Exclusive: A court judgement authorises Flutterwave to recoup $24 million that was lost to illegal point-of-sale transactions.

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Flutterwave, Africa’s most valuable startup, will contact over 6,000 account holders across 35 banks and financial institutions to recover ₦19 billion (*$24 million) illegally transferred by POS merchants after a High Court ruling on February 1.

“In 2023, we discovered that certain POS device merchants abused their access by conducting unauthorised transactions. In response to this, we temporarily suspended the accounts where funds were improperly transferred,” Flutterwave said in a statement to TechCabal. The company insists that no customer funds were lost.

The February order—a Mareva injunction—let Flutterwave recover the funds and assets of the identified account holders, which is crucial because the account holders may have spent the funds received in October 2023.

“We continue to actively engage with the relevant authorities to investigate and address the situation,” Flutterwave added.

An earlier court order placed debit restrictions on those accounts two months after the incident, court documents obtained by TechCabal show.

Per the most recent order granted on February 1, 2024, 35 financial institutions, including Opay, Paga, Palmpay, Access Bank, VFD Bank, Zenith, Polaris, and Providus Bank, must share the email addresses and telephone numbers of the account holders.

Flutterwave will contact the over 6,000 account holders “through their respective email addresses and by SMS and Whatsapp messages to their respective telephone numbers,” per court documents seen by TechCabal.

The fintech company may use a recovery agency for this, a lawyer familiar with similar processes told TechCabal.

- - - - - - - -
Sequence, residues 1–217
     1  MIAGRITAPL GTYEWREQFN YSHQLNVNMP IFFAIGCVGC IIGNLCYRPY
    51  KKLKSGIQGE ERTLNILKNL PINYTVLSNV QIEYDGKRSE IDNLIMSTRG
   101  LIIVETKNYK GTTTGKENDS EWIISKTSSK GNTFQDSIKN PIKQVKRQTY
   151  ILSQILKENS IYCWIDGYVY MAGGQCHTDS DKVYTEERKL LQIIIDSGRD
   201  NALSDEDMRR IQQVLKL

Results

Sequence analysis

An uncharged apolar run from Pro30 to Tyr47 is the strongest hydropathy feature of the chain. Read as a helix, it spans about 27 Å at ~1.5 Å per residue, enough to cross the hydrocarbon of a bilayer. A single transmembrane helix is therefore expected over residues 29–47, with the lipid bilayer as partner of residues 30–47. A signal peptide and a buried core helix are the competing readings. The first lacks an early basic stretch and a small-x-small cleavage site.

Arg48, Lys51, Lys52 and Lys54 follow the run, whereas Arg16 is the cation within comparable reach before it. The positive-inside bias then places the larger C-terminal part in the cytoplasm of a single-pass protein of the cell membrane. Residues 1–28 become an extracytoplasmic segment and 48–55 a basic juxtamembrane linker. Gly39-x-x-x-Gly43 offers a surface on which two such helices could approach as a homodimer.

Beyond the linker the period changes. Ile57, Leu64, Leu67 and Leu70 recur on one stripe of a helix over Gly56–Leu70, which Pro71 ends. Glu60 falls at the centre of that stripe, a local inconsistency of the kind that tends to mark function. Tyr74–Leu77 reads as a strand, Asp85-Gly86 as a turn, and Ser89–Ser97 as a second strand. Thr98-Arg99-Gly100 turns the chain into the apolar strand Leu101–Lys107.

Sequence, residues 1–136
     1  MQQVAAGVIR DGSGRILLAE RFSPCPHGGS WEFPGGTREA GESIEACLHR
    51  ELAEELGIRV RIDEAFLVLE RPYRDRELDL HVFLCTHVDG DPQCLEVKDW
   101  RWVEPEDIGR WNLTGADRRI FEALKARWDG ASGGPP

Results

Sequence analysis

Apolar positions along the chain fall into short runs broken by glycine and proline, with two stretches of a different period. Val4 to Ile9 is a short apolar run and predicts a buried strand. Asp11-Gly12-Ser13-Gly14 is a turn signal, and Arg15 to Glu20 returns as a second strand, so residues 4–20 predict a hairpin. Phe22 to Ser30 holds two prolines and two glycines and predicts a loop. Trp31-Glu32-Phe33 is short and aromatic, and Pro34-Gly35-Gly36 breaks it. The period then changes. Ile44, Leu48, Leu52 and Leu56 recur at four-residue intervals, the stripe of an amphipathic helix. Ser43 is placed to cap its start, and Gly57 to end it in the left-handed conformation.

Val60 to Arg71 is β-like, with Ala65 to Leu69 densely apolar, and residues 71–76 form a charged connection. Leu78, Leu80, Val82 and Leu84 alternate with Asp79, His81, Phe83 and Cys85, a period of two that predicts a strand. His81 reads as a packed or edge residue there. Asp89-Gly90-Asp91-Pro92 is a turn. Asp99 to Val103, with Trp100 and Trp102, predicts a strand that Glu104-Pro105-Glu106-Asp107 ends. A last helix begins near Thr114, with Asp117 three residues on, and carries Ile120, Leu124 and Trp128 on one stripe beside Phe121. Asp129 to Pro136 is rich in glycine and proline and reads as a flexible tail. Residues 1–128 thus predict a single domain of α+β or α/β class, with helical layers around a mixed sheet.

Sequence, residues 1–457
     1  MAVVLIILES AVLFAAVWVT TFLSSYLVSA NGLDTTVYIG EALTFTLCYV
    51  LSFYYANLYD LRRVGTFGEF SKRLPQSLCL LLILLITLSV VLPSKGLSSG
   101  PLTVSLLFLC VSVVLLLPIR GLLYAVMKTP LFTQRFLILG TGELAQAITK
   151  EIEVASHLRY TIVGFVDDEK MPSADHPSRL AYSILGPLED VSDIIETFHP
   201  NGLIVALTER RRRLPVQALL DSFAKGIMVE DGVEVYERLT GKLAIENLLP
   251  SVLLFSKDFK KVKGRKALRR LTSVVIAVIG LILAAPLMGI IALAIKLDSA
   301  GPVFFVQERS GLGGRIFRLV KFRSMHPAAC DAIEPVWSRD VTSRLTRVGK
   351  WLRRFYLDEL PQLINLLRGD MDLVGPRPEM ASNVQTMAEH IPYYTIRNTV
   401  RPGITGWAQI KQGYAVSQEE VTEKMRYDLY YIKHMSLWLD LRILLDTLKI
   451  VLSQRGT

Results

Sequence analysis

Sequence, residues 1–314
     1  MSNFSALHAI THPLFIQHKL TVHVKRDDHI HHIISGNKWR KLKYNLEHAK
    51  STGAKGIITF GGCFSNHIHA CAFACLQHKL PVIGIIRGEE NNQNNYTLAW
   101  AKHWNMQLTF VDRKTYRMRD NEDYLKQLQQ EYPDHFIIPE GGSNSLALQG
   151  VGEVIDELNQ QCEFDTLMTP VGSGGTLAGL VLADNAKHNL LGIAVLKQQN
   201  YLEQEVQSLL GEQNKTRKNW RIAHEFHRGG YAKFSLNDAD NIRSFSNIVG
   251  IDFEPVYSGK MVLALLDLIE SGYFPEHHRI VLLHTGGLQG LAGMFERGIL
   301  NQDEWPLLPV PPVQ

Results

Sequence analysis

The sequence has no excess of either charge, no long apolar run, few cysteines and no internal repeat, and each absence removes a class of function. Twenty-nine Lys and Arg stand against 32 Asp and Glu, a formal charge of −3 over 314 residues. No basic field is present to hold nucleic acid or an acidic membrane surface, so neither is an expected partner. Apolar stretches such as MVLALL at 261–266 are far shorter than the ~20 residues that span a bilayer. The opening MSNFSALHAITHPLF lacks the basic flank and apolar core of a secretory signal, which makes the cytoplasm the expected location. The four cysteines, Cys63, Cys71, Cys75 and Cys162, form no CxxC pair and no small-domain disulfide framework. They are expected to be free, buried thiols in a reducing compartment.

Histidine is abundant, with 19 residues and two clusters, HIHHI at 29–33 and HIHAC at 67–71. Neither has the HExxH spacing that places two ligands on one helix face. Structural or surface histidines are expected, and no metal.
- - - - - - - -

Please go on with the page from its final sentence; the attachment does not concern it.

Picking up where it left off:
A timeline of the incident

“On October 10, 2023, there was a technical glitch in our client’s operating system, which resulted in funds being automatically transferred to the bank accounts of customers listed in Schedule A of this memorandum,” a letter from Flutterwave’s lawyers said.

Immediately after the “technical glitch” was discovered, Flutterwave contacted the bank and fintechs, notifying them of the glitch and the resulting erroneous fund transfers.

“The merchants listed did not provide any service to our client and were not entitled to funds that were erroneously transferred and have continued to keep said funds,” the letter from Flutterwave’s lawyers added.

Flutterwave also offered indemnity to the banks if they reversed the erroneous transfers. Typically, a reversal request would require the receiving bank to also go to court to seek further approval.

Flutterwave incident highlights the importance of KYC 

The success of Flutterwave’s recovery efforts will depend on financial institutions like Opay, Palmpay, and Moniepoint having accurate customer information. It also relies on banks having up-to-date information on their customers.

However, recent fraud incidents show this may not always be true. Neobanks, in a drive to boost financial inclusion, have popularised easy-to-open accounts with lax KYC requirements, and traditional banks do not necessarily have accurate information either. For instance, customers are not mandated to tell their banks when they change addresses, emails, or phone numbers.

These KYC troubles are happening while there’s also a significant rise in fraud attempts in Nigeria’s financial services industry, and traditional banks have placed the blame on the neobanks.

Fidelity Bank, a commercial bank that holds ₦3.1 trillion ($2.1 billion) in customer deposits, blocked transfers to several neobanks over concerns that neobank wallets and accounts were an easy way to move monies that had been fraudulently obtained, TechCabal reported in October.

In December, the Central Bank of Nigeria mandated all financial institutions to implement stricter Know Your Customer (KYC) measures, requiring all customers to provide their bank verification number (BVN) or a national identification number (NIN) for account or wallet opening by March 2024.